Feds' Pursuit of Polygraph Cheaters Leads to Sharing of Personal Data of Thousands of People


Knowledge is power. Apparently too much power.

In September, J.D. Tuccille wrote about a man landing in prison for teaching people how to relax and "beat" polygraph tests. McClatchy had been reporting on the federal pursuit as the government tests thousands of thousands of people every year for security clearances.

McClatchy is still on the campaign and now reports on the inevitable side effect of this pursuit. The feds collected the data of customers of two men under investigation and passed that information around to various agencies without redacting any information:

Federal officials gathered the information from the customer records of two men who were under criminal investigation for purportedly teaching people how to pass lie detector tests. The officials then distributed a list of 4,904 people – along with many of their Social Security numbers, addresses and professions – to nearly 30 federal agencies, including the Internal Revenue Service, the CIA, the National Security Agency and the Food and Drug Administration.

Although the polygraph-beating techniques are unproven, authorities hoped to find government employees or applicants who might have tried to use them to lie during the tests required for security clearances. Officials with multiple agencies confirmed that they'd checked the names in their databases and planned to retain the list in case any of those named take polygraphs for federal jobs or criminal investigations.

It turned out, however, that many people on the list worked outside the federal government and lived across the country. Among the people whose personal details were collected were nurses, firefighters, police officers and private attorneys, McClatchy learned. Also included: a psychologist, a cancer researcher and employees of Rite Aid, Paramount Pictures, the American Red Cross and Georgetown University.

Moreover, many of them had only bought books or DVDs from one of the men being investigated and didn't receive the one-on-one training that investigators had suspected. In one case, a Washington lawyer was listed even though he'd never contacted the instructors. Dozens of others had wanted to pass a polygraph not for a job, but for a personal reason: The test was demanded by spouses who suspected infidelity.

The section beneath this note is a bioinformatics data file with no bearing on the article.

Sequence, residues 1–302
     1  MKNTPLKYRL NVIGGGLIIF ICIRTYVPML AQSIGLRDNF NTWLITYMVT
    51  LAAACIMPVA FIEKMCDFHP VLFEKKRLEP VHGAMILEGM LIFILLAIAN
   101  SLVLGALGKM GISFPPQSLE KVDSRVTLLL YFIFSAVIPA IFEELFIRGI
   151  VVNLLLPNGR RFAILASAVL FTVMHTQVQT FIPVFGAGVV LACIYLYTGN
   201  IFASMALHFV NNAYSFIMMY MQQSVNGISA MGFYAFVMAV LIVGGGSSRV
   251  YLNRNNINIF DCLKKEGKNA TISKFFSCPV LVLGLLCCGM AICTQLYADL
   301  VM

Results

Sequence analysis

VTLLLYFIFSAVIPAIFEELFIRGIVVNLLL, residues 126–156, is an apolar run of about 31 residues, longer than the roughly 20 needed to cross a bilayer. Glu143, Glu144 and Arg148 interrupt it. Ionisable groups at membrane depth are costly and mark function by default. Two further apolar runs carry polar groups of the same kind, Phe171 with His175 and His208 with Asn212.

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  1. And no one will be punished. Well, that was fun.

  2. “Gosh, boss, I don’t have any idea why Kevin’s lunch is missing from the refrigerator.”


    “Well, I may have taken it out by mistake, but…”


    “All right, I took his lunch, but it was only one time.”


    “OK, fine, I steal my coworkers’ lunch whenever I can get away with it, but I’m only human. It’s not like I’m some kind of Khmer Rouge mass murderer living in the U.S. under an assumed name!”


    “Capitalist pig! I will destroy all of you!”

  3. The information is freely available on the internet. If anything, these people are stupid for leaving a record of themselves paying for such materials.

    That said, this is a 1st amendment issue.

    I’ve been polygraphed 5 times in my life, and the first question they always ask after baseline is “Have you ever sought out information on how to deceive a polygraph examiner?”.

    1. Now now, Comrade. The first amendment notes freedom of speech and the press. That only means you don’t need prior permissions to speak or publish.

      Nowhere does it say you’ve a freedom to listen or read.


      1. I was referring to the publisher who got arrested, but yeah, I get the gist.

    2. Last I knew, libertarians believed fraud should be illegal (and that includes employment fraud). If he was offering training in the best way to cover up a murder, would you still consider it a first amendment issue?

      1. Yeah, pretty much – a course in how to cover up a murder is basically forensics 101 anyway.

  4. Unfortunately, truly — er, falsely obligatory.

  5. Some federal security officials also questioned how useful the list would be. Not only are the polygraph-beating techniques unproven, but confirming that they’ve been used is nearly impossible as well, scientists agree. In fact, the polygraph itself is deemed so unreliable that most courts don’t allow the results to be submitted as evidence against criminal suspects.

    And so teaching people techniques for passing them is a crime because…?

    I don’t see how whatever law this is apparently violating could possibly pass 1st amendment scrutiny. It’s up there with that guy who got targeted for giving dieting advice on a blog without a license.

  6. I took a polygraph once. Lied through my teeth all the way through. The only true statement I made was that I didn’t hook the drops out of the safe nor did I have certain knowledge of who did.

    1. Lying all the way through is somewhat effective.

      1. Aldrich Ames has said that there really isn’t any special trick to beating a polygraph, just be confident and be friendly with the person administering the test.

        1. You might not pass, but a poly is just an interrogation. Admit to nothing and nothing can be used against you.

    2. It sounds like those were the only questions they were actually interested in. (Not that I’m saying the test was valid in any way.)

    3. Er, weren’t you talking about getting a security clearance a couple of months ago? This isn’t the kind of thing you want to be posting if that’s the case.

  7. Oh loveley aint that jsut grand. Wow.

  8. Not only are the polygraph-beating techniques unproven,

    Fixed it for you.

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